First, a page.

Dependency Injection in BLoC pattern

Compile time Dependency Injection in Flutter

Dependency Injection like Dagger in Flutter

Hey Folks! I am back with another brand new article on Flutter. This time I will be covering a very interesting and important design pattern in the world of software development i.e “Dependency Injection”. This will help you build classes that are loosely coupled, ultimately leading to a maintainable and testable codebase. So grab a cup of coffee, find a quiet place and learn how I use DI in a Flutter project.


  1. What is Dependency Injection?
  2. Adding inject.dart package as a submodule to the project
  3. Understanding the annotations(@provide, @module, etc)
  4. Writing modules and Injector class
  5. Resolving dependencies at compile time 😍
  6. Build and run the app 🏃


Throughout this article, I will be showing you how to refactor a Flutter project which doesn’t use any DI framework. So to gain full advantage of the content, I expect that the reader has built at least 1 or 2 apps using Flutter and have some basic understanding of BLoC pattern. If you are new to BLoC pattern then you can check out the below articles which are part of the series “Architect your Flutter project using BLoC pattern”. It’s the best place to get started as I will be refactoring the same project to inject bloc and repository objects into the widget tree.

Other parts of the series

Part 1

Part 2

Part 4

What is Dependency Injection?

Let me explain to you by taking a real-world example. Do you know how mobile phones are manufactured? Let me explain in basic terms. To build a mobile phone you basically need these components:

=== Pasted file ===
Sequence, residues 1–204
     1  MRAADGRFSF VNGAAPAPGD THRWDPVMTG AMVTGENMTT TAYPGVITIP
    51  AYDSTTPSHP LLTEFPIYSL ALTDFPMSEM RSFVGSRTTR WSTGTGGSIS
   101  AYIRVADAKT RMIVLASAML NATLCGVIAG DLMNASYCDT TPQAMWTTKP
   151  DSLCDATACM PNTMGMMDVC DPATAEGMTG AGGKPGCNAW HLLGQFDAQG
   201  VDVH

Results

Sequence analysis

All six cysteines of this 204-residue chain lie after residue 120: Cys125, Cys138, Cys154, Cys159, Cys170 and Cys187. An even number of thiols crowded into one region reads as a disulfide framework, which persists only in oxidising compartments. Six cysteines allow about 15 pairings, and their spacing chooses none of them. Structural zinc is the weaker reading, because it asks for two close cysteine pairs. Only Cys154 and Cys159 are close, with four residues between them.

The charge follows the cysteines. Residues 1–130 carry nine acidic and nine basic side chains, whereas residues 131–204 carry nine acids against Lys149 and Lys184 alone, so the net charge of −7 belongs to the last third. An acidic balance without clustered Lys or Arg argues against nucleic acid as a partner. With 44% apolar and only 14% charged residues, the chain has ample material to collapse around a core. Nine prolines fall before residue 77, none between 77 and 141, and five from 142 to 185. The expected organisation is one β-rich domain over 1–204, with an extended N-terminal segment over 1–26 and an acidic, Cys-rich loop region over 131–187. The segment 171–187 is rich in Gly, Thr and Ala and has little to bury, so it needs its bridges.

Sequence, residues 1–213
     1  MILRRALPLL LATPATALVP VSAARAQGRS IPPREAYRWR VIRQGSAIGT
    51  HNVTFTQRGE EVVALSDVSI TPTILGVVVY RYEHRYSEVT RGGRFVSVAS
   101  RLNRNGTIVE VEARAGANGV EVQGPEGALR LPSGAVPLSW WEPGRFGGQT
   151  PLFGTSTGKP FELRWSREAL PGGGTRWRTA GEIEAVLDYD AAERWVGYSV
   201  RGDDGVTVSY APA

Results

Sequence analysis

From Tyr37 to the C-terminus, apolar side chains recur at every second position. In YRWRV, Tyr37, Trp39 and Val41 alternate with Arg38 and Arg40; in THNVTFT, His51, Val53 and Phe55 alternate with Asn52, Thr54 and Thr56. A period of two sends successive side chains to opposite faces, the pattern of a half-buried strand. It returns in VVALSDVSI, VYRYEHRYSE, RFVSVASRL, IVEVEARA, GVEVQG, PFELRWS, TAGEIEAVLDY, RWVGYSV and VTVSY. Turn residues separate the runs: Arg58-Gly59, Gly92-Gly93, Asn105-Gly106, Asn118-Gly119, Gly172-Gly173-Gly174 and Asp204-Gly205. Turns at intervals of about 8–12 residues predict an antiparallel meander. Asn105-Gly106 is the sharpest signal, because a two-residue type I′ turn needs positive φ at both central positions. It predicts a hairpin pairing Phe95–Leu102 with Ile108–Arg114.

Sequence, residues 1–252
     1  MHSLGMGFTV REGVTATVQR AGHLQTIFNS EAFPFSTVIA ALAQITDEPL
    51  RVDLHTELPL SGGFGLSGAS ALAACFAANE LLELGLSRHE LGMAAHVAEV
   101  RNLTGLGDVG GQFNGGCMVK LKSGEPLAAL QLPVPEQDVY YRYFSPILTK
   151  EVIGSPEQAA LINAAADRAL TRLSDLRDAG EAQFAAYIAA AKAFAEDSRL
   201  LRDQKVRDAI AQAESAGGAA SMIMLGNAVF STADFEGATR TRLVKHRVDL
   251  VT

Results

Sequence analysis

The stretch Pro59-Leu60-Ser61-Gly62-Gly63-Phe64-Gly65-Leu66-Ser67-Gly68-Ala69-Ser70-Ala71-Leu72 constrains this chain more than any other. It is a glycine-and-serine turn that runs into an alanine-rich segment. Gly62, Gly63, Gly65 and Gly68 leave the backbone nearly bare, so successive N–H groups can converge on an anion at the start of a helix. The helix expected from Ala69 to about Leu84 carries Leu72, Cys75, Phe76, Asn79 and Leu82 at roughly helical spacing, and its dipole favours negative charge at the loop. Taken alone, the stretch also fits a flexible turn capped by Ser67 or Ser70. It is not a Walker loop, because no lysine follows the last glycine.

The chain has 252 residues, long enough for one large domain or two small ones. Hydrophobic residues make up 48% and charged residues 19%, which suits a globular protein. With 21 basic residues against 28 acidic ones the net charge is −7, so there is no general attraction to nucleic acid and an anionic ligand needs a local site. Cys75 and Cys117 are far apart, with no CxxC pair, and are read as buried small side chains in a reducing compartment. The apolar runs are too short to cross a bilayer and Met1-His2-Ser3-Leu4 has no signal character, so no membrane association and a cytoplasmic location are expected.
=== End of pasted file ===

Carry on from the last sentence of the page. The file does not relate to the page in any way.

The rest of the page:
• A circuit board containing the brains of the phone.
  • An antenna.
  • A liquid crystal display (LCD)
  • A microphone.
  • A speaker.
  • A battery.

Now all these components are not built in the same factory. These components are manufactured in different countries(assuming). Then all these individual components are imported and assembled together in one factory. This is “Dependency Injection”. The assembling factory was unaware of the build process of different components. The only job of the factory was to assemble these components to build a phone. This way the factory doesn’t need to worry about the build process of these components and can only focus on its job i.e “assemble required components to build phone”. I think this small example is enough to get started but for the curious ones who want to understand more about DI. Check this amazing article.


Let’s import MyMovies project from GitHub and run it once to check if everything is working fine.

So if you look at the project. I have the below package structure. I expect that even you have the same. Just making sure that we are on the same page:


The Problem

Let me show you one example of what is the issue with the current code structure. If you open movie_api_provider.dart file and see the second line, you will find that I am creating a new Client() objectinside the MovieApiProvider class. But as per the explanation I gave you in the previous section about DI. This should not be the case. MovieApiProvider should not hold the responsibility of creating the Client object but instead, it should get the Client object provided from someone.

This is just one example. If you check other classes like repository.dart and movies_bloc.dart you will find the same case. These classes should not hold the responsibility of creating objects of the classes they depend upon. Instead, they(repository.dart or movies_bloc.dart) should be provided with the required objects from some other class or factory.

Another great thing about this design pattern(DI) is, we don’t even need BlocProviders(InheritedWidgets) anymore to provide us with the bloc or any other type of object. InheritedWidgets will not resolve dependencies at build time but will throw a runtime exception if failed to wire up the dependencies correctly.

So how can we remove the responsibility of creating objects from these classes? How can we create a factory which will hold the responsibility of creating and provide the dependent objects to these classes? Let’s find out. 😃

inject.dart to our rescue